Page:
Twitter and academic Urology in the United States and Canada: a comprehensive assessment of the Twitterverse in 2019

Thenappan Chandrasekar, Hanan Goldberg, Zachary Klaassen, Christopher J.D. Wallis, Joon Yau Leong, Spencer Liem, Seth Teplitsky, Rodrigo Noorani, Stacy Loeb

Research output: Contribution to journalArticlepeer-review

27 Scopus citations


Objective: To provide the first comprehensive analysis of the Twitterverse amongst academic urologists and programmes in North America. Methods: Using national accreditation and individual programme websites, all active urology residency programmes (USA and Canada) and academic Urology faculty at these programmes were identified. Demographic data for each programme American Urological Association [AUA] section, resident class size) and physician (title, fellowship training, Scopus Hirsch index [H-index] and citations) were documented. Twitter metrics (Twitter handle, date joined, # tweets, # followers, # following, likes) for programmes and physicians were catalogued (data capture: March–April 2019). Descriptive analyses and temporal trends in Twitter utilisation amongst programmes and physicians were assessed. Multivariable logistic regression was used to identify predictors of Twitter use. Results: In all, 156 academic programmes (143 USA, 13 Canada) and 2214 academic faculty (2015 USA, 199 Canada) were identified. Twitter utilisation is currently 49.3% and 34.1% amongst programmes and physicians, respectively, and continues to increase. On multivariable analysis, programmes with 3–5 residents/year and programmes with a higher percentage of faculty Twitter engagement were more likely to have Twitter accounts. From a physician perspective, those with fellowship training, lower academic rank (Clinical Instructor, Assistant Professor, Associate Professor vs Professor) and higher H-indices were more likely to have individual Twitter accounts. Conclusion: There is a steady increase in Twitter engagement amongst Urology programmes and academic physicians. Faculty Twitter utilisation is an important driver of programme Twitter engagement. Twitter social media activity is strongly associated with academic productivity, and may in fact drive academic metrics. Within Urology, social media presence appears to be proportional to academic activity.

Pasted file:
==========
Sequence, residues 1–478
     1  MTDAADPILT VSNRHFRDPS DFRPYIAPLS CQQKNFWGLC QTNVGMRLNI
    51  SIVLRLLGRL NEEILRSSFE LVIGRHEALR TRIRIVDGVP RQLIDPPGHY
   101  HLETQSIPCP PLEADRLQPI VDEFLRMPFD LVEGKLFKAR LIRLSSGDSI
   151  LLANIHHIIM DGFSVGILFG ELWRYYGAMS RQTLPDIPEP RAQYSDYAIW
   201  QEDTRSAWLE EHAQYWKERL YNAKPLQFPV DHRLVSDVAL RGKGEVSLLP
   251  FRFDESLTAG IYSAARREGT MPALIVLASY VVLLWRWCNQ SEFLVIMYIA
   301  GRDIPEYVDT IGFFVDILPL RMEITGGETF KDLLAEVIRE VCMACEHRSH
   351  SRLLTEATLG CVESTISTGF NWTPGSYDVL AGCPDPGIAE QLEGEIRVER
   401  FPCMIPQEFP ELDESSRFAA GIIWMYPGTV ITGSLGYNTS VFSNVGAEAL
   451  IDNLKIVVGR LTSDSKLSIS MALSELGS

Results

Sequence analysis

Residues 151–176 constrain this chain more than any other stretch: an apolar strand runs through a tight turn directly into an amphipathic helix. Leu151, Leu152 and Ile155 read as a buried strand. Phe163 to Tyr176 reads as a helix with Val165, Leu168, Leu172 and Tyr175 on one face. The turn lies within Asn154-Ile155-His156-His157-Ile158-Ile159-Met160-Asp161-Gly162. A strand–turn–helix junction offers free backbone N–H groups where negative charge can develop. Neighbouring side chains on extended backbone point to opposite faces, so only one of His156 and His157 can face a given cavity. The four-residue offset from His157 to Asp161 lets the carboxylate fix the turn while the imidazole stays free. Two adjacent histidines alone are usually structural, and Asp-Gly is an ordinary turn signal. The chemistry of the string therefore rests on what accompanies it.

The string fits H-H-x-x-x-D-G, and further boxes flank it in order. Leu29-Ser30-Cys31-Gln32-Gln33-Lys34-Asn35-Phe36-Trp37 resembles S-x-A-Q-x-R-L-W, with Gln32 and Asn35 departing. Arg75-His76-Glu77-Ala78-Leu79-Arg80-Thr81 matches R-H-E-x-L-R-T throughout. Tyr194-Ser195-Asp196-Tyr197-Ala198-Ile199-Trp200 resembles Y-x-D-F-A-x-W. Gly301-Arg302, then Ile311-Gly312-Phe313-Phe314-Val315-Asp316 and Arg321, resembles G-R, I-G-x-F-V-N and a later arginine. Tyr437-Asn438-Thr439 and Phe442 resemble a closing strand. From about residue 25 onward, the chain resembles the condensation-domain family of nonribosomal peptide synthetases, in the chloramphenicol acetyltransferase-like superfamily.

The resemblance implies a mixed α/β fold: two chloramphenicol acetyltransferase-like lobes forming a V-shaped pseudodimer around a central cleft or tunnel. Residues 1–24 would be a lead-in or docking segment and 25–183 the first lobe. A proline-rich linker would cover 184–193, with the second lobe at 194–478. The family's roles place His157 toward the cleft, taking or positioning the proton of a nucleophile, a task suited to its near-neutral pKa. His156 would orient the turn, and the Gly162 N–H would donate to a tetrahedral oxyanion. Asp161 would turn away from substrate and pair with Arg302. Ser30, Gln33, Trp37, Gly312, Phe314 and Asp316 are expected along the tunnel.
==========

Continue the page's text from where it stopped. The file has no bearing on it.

Original languageEnglish (US)
Pages (from-to)173-181
Number of pages9
JournalBJU International
Issue number1
StatePublished - Jan 1 2020


  • Kardashian index
  • Twitter
  • academics
  • social media
  • survey
  • urology

ASJC Scopus subject areas

  • Urology


Dive into the research topics of 'Twitter and academic Urology in the United States and Canada: a comprehensive assessment of the Twitterverse in 2019'. Together they form a unique fingerprint.

Cite this